Shortages and Surpluses

In my post yesterday on how resources are allocated I mentioned that in any system other than a market system there are bound to be shortages and surpluses. This morning courtesy of memeorandum there’s a story from the Daily Mail that illustrates my point nicely:

Thousands of women are having to give birth outside maternity wards because of a lack of midwives and hospital beds.

The lives of mothers and babies are being put at risk as births in locations ranging from lifts to toilets – even a caravan – went up 15 per cent last year to almost 4,000.

Health chiefs admit a lack of maternity beds is partly to blame for the crisis, with hundreds of women in labour being turned away from hospitals because they are full.

Most of those commenting on this story are using it as an illustration of the horrors of socialism but I don’t think that’s quite right. However well-intentioned there is no such thing as an allocation of resources by need in healthcare. The choices are fiat, the political process, or markets. Clearly, NHS planned wrong and the political process is being brought to bear to correct it.

The farther any system deviates from an efficient market system, the greater will be its tendency to produce shortages and surpluses. And that includes our system which, as I pointed out this morning, is not an efficient market system by any stretch of the imagination.

8 comments… add one
  • Sam Link

    It’s all about scale. Catastrophic insurance necessarily pools together several people to offset the small percentage that will actually have the catastrophe. This requires some kind of bureaucracy on the buyer’s side, be it public, private, or hybrid.

    On the doctor’s side, several doctors must pool resources to buy the expensive machines and facilities to better treat their patients. This creates a need for a bureaucracy to offset the risk of their capital costs, as well serving to make the cost for the procedure out of reach for the majority of the uninsured.

    On the other hand I agree that bureaucracies for small things like doctor’s visits which people can easily afford are wasteful and unnecessary.

  • steve Link

    This could also illustrate the difficulties in planning for peak levels of care. Hospitals staff for average numbers with some ability to increase numbers during peal periods. AS budgets have been cut, it is harder to expand beds on short notice. My hospital had the ER halls filled and patients in hallways every winter for a while when the peak respiratory disease season hit. All of the other hospitals in the area were overflowing also as we all now try to work at peak capacity. (This has national defense implications also.) My friends at several other university hospitals had similar stories for their labor floors. If you build and staff for peaks, you lose lots of money.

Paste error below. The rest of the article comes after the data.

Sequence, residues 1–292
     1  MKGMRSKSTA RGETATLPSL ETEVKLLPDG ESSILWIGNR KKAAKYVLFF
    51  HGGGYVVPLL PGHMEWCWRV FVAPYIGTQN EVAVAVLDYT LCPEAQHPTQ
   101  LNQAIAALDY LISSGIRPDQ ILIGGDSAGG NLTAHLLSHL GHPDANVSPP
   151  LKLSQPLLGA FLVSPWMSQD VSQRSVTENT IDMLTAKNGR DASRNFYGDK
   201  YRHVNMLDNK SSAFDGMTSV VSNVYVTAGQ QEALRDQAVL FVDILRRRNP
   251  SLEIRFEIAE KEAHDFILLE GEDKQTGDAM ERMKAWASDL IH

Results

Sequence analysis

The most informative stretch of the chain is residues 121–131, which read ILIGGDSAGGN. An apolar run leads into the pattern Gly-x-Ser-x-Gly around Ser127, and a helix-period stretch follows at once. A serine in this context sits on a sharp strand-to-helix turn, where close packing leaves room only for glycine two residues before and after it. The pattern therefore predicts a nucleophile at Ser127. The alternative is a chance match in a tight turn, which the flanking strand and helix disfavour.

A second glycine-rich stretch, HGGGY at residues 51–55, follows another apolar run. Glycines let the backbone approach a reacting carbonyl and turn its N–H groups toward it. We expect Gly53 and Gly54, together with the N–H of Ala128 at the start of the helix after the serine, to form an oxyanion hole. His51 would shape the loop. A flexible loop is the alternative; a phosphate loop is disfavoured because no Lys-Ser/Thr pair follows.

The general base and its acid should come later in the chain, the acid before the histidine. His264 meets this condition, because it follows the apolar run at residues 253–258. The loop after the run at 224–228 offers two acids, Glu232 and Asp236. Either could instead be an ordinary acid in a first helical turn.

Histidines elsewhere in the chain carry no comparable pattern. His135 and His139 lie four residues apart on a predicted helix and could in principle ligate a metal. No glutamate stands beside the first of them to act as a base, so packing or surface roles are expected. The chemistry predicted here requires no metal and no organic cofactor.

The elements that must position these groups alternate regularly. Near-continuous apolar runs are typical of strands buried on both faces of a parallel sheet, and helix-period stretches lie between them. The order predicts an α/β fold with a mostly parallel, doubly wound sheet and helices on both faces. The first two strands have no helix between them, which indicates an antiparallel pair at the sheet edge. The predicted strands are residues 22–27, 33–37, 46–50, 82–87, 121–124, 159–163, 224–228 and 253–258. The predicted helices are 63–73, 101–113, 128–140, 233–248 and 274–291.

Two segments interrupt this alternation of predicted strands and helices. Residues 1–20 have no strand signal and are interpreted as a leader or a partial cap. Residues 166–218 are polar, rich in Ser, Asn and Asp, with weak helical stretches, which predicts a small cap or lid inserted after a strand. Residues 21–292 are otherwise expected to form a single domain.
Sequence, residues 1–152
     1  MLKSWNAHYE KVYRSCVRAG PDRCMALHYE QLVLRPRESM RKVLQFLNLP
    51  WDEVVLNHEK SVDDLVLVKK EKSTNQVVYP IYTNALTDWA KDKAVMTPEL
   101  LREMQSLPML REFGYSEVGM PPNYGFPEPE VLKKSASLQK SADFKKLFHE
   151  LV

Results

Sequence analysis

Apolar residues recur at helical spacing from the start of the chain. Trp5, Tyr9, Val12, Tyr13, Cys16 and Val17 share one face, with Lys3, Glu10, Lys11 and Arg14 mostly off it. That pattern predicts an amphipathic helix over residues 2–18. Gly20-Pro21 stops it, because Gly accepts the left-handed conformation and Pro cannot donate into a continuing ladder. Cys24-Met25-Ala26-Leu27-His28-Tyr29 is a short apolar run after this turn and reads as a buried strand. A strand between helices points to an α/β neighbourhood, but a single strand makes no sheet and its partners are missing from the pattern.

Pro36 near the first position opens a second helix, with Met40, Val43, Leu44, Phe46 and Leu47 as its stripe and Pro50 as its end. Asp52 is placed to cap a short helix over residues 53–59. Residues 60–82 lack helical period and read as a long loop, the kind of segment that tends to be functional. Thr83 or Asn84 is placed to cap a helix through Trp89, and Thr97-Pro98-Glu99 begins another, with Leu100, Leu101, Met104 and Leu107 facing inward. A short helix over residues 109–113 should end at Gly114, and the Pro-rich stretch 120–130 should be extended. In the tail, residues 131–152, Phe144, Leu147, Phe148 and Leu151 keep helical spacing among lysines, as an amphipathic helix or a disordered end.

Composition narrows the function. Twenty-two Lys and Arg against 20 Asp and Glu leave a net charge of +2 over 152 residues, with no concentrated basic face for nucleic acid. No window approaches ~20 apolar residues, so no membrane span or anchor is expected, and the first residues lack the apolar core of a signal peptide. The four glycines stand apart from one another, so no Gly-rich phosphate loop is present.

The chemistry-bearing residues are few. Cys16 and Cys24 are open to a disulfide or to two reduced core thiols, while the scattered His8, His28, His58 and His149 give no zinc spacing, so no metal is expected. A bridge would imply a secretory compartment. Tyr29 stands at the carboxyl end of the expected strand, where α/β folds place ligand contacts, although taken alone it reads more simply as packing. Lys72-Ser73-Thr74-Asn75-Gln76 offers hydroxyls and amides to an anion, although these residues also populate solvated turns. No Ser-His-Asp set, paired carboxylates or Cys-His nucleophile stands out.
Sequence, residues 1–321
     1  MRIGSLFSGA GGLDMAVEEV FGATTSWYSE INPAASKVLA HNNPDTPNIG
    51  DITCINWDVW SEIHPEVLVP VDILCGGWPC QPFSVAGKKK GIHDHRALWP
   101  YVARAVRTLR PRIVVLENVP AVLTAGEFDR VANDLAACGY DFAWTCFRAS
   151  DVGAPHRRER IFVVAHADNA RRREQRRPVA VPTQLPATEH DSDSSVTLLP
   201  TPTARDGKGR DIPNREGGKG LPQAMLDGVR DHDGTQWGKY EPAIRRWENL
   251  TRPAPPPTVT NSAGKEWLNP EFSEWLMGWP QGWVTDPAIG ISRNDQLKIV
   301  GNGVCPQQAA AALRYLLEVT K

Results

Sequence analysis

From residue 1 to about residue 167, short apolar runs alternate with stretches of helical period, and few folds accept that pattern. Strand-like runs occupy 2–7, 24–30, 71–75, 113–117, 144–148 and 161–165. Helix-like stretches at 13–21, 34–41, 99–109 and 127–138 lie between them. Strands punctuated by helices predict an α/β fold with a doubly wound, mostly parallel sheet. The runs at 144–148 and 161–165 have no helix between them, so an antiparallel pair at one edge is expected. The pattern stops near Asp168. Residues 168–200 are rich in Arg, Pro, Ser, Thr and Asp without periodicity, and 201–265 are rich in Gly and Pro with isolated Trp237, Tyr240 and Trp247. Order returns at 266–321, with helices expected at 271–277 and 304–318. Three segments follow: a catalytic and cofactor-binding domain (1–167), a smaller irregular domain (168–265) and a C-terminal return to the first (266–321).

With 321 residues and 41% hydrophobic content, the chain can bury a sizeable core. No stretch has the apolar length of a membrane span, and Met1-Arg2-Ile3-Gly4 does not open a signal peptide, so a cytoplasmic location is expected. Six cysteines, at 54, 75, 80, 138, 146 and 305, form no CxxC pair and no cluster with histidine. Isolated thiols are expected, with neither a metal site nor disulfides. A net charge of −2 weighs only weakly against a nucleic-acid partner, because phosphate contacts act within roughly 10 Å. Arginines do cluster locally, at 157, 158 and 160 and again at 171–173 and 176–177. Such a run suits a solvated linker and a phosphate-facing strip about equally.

Given that it takes a long time to train physicians, I suspect that while markets should be better, they will not be able to respond very quickly either. I still remain a little surprised that what we have for a market system now has not resulted in more primary care docs. You would think insurance companies would be increasing pay to primary care with the available data showing that they decrease spending.


  • PD Shaw Link

    I’m not sure what to make of this story, but my initial thought is that maternity wards are unique. My impression of maternity wards in the U.S. is that they are suites, about three-times as large as normal hospital rooms, with whirlpool baths, furniture that can be used for the father to sleep on, and you don’t have to share. The hospitals will give tours in advance. It seems that in the U.S. some sort of competition is taking place, at least in this wing of the hospital.

  • Sam Link

    @PD Shaw – Your statement is a slippery slope to birth panels, where a group of bureaucrats stand between you and your doctor and decide the maximum square footage of your maternity suite. Anything under 200 sq ft with at least Ikea quality daddy furniture is rationing!

  • PD Shaw Link

    Well, if you’re going to start figuring out what medical care is truly necessary, I would think childbirth would have a large target on it’s back wouldn’t it?

    In 2012, historians attempt to piece together what went wrong in the Obama presidency that caused it to fail so precipitously. Most agree it was with these two words spoken at a White House press conference in October of 2009: “Epidurals? No.”

  • Its Gammon’s Law folks. More and more resources go towards administration than providing the actual service in question. That’s it.

    ….furniture that can be used for the father to sleep on that are worse than the rack.

    There fixed it for ya.

  • steve Link

    PD-You are correct, it is part of marketing. Research has shown that women make the health care decisions. If you can capture women early, via the labor floor, you can capture them forever, or so goes marketing theory. Therefore, hospitals have splurged on labor floors. It is one area where they do not skimp much and they take Press-Gainey scores there pretty seriously.


  • PD Shaw Link

    Thanks Steve, that confirms my suspicions.

    And it also explains Steve Verdon’s (and my own) complaint about the visually appealing, but extremely uncomfortable furniture for fathers in the maternity suites — men are often merely props in the greater commercial scheme of things.

Leave a Comment